The EZproxy implementation was carried out as a joint initiative of the University’s Office of Information Technology and the Libraries as a whole. This collaboration went very well and was completed late in 2007. The implementation group will consider what statistics will be collected and how they will be collected when time permits.

 

 

The Usability Testing and the Focus Groups were conducted to improve the Library’s web site and have provided much valuable data. Many web site changes are now based on student recommendations. For instance, this summer the Web Committee is investigating federated searching tools.  This was the strongest recommendation resulting from the focus groups. Many more easily implemented recommendations have already been made or are under development.

.

  1. What’s been a problem/sticking or breaking point (short description)

Limited staff resources are often a limiting factor. Members of committees or task forces, such as the Web Committee, the Usability Group, and the Assessment Group, typically wear many hats and are unable to devote the time necessary to move the initiatives along expeditiously.

 

 

  1. Areas that you want us to address (e.g. organizational structure, assessment culture, specific issues, methodology, analysis and reporting, management information, using data for improvement)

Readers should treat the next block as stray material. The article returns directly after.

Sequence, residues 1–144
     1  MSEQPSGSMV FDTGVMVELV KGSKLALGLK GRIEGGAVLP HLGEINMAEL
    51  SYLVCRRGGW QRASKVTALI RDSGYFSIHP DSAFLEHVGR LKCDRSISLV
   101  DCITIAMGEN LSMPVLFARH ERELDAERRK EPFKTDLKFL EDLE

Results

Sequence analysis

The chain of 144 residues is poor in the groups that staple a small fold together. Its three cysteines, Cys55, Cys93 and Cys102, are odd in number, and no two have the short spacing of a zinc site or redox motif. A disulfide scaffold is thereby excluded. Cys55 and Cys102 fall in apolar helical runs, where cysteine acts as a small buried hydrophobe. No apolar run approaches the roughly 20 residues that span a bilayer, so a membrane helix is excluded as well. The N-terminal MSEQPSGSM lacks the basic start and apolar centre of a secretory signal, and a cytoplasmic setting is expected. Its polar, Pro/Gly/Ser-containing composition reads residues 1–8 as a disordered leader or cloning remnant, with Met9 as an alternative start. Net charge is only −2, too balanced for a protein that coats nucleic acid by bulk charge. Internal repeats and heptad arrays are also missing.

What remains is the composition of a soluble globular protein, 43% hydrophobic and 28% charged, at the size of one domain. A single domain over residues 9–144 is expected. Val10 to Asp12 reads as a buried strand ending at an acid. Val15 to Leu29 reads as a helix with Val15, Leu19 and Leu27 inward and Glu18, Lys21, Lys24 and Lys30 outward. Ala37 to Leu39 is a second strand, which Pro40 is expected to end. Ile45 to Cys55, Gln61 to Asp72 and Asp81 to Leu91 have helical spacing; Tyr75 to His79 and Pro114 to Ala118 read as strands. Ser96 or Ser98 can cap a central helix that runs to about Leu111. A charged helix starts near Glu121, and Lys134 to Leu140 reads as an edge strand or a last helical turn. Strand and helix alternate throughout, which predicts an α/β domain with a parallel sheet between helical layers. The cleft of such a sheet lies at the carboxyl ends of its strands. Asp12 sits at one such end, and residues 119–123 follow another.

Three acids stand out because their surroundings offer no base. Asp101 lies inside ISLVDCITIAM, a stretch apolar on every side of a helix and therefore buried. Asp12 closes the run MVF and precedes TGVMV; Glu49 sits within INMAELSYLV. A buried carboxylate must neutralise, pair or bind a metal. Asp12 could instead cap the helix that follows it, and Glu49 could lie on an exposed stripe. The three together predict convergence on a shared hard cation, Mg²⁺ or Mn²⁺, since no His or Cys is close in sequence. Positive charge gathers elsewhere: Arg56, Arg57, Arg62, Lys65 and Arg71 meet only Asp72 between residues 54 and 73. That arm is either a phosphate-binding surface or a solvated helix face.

Three areas we would like you to address include methodology, analysis and reporting, and using data for improvement. The last area, using data for improvement, is the most important.

 

 

  1. Expectations/outcomes for our participation in this effort

We welcome your visit and recommendations. We hope your participation and insights will help us implement a practical, sustainable program of assessment.

 

 

Part 2:

 

 

EFFECTIVE, SUSTAINABLE AND PRACTICAL LIBRARY ASSESSMENT

 

 

Statistics Inventory

Note: Boston University Libraries encompass Mugar Memorial Library and branches (Science & Engineering, Pardee Management, African Studies, Music, and Education) which report to the Library Director, as well as three professional libraries (Law, Theology, and Medicine) which report to the Deans of their schools. The Libraries have very good collegial relationships and work together on common areas of interest such as EZproxy implementation, Digital Repository development, and ARL statistics reporting. For these surveys, we’ll be responding only for Mugar Memorial Library and branches.